New British naval tankers to be constructed with foreign steel

European and UK procurement rules appear to be blamed for sourcing of steel for new Royal Fleet Auxiliary tankers.

UK defence minister Philip Dunne said these regulations meant that the Ministry of Defence could not contractually mandate the use of particular suppliers after being asked about the TIDE Class Royal Fleet Auxiliary tankers.

The news comes amid thousands of jobs losses in the UK steel industry, which has come under pressure from a range of factors. The Royal Fleet Auxiliary is civilian manned and supports the Royal Navy, for example supplying ships on operations at sea with fuel.

Liberal Democrat leader Tim Farron raised the issue of the use of British steel in the tankers through a written parliamentary question.

He said: “To ask the Secretary of State for Defence, what (a) market value and (b) weight of UK steel has been used in the manufacture of the TIDE Class Royal Fleet Auxiliary tankers.”

In his response, Mr Dunne said: “Under European and UK procurement regulations, the Ministry of Defence (MOD) could not contractually mandate the use of particular suppliers.

“Decisions on the source of steel are a matter for the contractors who take into account the cost, timeliness of availability and the quality of steel used in defence contracts. These considerations allow defence contractors to deliver value for money for the taxpayer.”

“The Military Afloat Reach and Sustainability contract to build the four Tide Class tankers was awarded to Daewoo Shipbuilding and Marine Engineering in March 2012.

“Although UK companies participated in the competition to supply the vessels, none submitted a final bid,” he added.

“In January 2015, the MOD awarded a contract worth approximately £15 million to A&P Group Ltd in the UK for the provision of UK customisation, Capability Assessment Trials and Support for all four tankers. The work will be managed by A&P Group Ltd’s Falmouth shipyard.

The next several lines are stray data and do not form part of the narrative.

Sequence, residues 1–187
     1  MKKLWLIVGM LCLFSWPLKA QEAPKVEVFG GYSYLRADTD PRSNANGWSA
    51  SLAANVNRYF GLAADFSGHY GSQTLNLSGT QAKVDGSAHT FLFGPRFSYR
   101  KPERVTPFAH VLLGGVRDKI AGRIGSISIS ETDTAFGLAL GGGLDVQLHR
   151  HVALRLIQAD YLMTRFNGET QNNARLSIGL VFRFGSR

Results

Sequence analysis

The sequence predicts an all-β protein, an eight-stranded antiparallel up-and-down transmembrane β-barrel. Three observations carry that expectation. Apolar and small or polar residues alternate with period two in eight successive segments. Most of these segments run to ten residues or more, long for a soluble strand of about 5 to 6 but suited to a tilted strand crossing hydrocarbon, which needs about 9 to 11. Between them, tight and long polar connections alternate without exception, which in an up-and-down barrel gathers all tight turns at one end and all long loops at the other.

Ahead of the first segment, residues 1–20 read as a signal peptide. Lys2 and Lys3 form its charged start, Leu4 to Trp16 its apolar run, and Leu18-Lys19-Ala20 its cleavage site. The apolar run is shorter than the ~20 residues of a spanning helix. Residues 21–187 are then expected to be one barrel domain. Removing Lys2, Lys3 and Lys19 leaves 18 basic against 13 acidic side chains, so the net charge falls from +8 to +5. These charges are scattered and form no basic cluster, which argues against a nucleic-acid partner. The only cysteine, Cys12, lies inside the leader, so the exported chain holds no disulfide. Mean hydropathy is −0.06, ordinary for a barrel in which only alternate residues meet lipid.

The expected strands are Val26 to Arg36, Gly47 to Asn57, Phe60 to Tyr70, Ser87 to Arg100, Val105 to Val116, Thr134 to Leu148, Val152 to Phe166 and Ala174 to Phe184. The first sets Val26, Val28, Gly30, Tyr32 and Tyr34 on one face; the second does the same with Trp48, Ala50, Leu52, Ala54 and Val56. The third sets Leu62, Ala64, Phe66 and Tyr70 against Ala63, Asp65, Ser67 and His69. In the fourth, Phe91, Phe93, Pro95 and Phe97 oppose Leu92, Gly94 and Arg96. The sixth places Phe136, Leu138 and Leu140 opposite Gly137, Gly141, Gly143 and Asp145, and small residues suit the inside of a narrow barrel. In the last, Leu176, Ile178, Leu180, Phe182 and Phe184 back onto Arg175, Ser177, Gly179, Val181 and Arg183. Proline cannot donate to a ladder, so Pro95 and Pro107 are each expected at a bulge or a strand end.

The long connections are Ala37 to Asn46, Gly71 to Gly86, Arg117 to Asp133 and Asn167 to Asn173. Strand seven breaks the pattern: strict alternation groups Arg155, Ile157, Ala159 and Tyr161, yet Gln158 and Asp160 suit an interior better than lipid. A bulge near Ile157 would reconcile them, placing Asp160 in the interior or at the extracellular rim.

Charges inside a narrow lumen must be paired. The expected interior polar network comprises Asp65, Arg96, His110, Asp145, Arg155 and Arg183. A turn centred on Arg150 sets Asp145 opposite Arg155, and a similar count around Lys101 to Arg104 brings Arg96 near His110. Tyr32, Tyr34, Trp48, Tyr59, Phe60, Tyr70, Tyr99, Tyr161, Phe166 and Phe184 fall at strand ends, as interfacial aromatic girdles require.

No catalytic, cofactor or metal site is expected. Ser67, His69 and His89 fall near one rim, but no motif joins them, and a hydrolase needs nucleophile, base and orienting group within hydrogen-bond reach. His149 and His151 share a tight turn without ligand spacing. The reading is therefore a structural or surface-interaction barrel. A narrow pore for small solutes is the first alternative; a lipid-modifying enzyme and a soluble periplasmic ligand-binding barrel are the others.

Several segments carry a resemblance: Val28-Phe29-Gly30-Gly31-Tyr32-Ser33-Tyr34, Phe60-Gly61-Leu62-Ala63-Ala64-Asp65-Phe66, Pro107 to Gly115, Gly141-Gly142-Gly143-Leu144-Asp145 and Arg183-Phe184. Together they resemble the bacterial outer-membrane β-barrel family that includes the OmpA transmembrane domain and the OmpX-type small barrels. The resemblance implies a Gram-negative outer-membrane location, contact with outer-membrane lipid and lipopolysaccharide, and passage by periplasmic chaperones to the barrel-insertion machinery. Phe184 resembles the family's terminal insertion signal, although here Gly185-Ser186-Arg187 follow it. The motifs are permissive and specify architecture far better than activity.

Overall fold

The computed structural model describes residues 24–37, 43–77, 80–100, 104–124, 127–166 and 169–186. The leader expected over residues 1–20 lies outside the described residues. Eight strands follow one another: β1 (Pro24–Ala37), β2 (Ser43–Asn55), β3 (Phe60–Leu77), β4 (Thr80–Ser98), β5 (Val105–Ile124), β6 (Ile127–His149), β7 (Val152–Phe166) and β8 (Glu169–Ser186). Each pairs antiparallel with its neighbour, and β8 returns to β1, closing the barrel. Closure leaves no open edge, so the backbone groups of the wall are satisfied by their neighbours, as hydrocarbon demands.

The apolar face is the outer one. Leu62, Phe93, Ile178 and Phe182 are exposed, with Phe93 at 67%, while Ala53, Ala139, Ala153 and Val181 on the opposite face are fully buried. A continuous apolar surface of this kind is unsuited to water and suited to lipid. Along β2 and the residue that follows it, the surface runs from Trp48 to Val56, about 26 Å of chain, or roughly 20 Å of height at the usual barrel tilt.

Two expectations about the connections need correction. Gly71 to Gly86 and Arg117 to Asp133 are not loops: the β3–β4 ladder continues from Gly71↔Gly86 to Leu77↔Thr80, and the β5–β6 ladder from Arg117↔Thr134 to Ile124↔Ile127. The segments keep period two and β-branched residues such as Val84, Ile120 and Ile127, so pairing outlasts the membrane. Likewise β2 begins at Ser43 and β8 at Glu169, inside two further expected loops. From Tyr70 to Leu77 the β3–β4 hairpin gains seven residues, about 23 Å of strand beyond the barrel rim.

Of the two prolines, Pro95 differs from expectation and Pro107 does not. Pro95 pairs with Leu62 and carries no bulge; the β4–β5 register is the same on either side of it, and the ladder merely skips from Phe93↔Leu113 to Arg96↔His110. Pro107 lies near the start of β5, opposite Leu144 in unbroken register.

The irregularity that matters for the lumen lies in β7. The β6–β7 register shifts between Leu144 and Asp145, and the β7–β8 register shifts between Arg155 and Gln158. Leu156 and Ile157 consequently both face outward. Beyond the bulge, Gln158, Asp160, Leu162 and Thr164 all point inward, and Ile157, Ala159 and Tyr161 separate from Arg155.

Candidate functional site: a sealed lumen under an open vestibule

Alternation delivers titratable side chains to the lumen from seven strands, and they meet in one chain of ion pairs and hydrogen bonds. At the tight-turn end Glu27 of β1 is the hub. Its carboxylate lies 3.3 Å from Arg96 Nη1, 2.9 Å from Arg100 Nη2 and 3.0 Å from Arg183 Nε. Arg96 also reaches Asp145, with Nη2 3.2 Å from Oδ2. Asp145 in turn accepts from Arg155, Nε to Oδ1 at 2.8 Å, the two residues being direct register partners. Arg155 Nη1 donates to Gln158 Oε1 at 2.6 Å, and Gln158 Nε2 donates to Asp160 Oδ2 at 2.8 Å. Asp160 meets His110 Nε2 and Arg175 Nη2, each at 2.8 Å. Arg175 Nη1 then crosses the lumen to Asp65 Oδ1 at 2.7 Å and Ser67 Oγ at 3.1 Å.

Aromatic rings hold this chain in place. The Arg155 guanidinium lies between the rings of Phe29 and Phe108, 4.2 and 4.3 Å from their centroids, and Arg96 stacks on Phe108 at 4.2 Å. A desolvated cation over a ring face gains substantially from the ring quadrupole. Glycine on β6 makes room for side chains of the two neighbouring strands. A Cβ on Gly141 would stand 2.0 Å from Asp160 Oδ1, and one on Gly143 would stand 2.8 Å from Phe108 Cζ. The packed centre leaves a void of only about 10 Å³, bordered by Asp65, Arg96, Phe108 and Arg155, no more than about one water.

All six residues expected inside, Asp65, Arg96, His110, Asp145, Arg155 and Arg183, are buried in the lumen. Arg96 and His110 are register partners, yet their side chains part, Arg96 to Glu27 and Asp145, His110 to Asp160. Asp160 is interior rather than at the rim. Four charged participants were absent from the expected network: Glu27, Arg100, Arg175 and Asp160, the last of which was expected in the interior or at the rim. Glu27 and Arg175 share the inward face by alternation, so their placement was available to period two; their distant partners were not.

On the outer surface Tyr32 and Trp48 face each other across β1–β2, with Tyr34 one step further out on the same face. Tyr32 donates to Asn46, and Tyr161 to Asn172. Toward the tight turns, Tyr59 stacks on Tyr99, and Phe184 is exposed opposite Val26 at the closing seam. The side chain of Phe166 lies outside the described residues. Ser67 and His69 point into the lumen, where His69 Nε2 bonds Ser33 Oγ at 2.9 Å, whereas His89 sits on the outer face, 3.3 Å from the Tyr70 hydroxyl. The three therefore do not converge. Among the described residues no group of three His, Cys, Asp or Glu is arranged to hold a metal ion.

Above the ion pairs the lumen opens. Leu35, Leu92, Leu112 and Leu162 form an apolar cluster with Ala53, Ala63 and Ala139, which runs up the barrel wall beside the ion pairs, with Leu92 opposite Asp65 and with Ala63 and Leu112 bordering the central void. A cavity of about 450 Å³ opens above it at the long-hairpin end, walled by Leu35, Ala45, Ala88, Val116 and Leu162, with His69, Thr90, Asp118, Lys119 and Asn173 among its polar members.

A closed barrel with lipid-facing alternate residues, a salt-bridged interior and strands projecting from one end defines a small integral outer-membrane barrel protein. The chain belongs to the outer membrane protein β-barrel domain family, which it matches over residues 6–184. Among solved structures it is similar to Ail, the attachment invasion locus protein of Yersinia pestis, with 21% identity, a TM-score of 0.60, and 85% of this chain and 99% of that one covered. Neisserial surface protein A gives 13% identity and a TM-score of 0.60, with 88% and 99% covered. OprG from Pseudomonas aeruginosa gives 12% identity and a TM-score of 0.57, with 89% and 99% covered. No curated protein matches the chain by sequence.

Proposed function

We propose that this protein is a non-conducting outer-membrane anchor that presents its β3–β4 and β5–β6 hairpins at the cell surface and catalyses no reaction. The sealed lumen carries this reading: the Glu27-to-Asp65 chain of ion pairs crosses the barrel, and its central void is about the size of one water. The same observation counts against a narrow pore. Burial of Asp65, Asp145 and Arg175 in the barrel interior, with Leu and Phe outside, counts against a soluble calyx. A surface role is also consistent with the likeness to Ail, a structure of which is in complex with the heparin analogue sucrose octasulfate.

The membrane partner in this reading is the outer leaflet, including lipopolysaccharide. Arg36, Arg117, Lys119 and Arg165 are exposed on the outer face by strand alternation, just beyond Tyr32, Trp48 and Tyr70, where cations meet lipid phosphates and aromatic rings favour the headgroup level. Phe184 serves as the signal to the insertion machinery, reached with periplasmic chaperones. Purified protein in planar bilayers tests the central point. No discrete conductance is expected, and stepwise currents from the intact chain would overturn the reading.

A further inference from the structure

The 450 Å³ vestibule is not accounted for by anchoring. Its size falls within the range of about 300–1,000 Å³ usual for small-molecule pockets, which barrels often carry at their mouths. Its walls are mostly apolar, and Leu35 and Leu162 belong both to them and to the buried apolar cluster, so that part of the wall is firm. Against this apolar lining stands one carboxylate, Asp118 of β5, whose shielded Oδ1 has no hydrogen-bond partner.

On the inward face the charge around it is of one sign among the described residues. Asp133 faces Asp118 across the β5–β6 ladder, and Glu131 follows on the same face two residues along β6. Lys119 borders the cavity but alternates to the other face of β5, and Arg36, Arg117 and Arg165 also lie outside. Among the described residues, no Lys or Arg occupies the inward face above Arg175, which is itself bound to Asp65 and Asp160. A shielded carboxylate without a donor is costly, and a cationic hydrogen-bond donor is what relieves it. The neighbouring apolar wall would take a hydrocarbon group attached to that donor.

“Manufacture of the four Tide Class tankers will in total require 44,000 tonnes of steel. Daewoo Shipbuilding and Marine Engineering source this steel locally in South Korea. The market value of steel depends upon a number of factors, including geographical location and quality.

“The MOD does not hold information from which the market value of the steel used in the manufacture of the Tide Class tankers could be determined.”

(Photo: Port talbot large by Grubb at English Wikipedia)

MORE STORIES – CLICK BELOW

512px-Redcar_Steelworks_at_Night

UK government insists it’s pressing the EU commission over steel dumping…

Assembling_The_Engine_clip_art_hight

Brits no longer own majority of UK-based manufacturers with 500+ employees

Train_clip_art_hight

EU backs UK’s HS2 high-speed rail network with hard cash

Earth_within_celestial_sphere

Royal Navy still trains officers to navigate by the stars

Advertisements

4 thoughts on “New British naval tankers to be constructed with foreign steel”

  1. So the availability local to the manufacturer of steel supply is the main factor after price? I can’t imagine the French or German Navies ordering ships to be built any other place than at French or German shipyards, AM I WRONG? (So in those cases, LOCALLY produced steel would be imperative too? I see very few public service vehicles, police-cars, ambulances etc. which are ‘made in Britain’ BUT I CANNOT IMAGINE OTHER E.U.COUNTRIES ORDERING OTHER VEHICLES THAN ‘HOME-MADE’!
    But THEY make the rules for US to follow (not themselves!)

Leave a Reply

Fill in your details below or click an icon to log in:

WordPress.com Logo

You are commenting using your WordPress.com account. Log Out / Change )

Twitter picture

You are commenting using your Twitter account. Log Out / Change )

Facebook photo

You are commenting using your Facebook account. Log Out / Change )

Google+ photo

You are commenting using your Google+ account. Log Out / Change )

Connecting to %s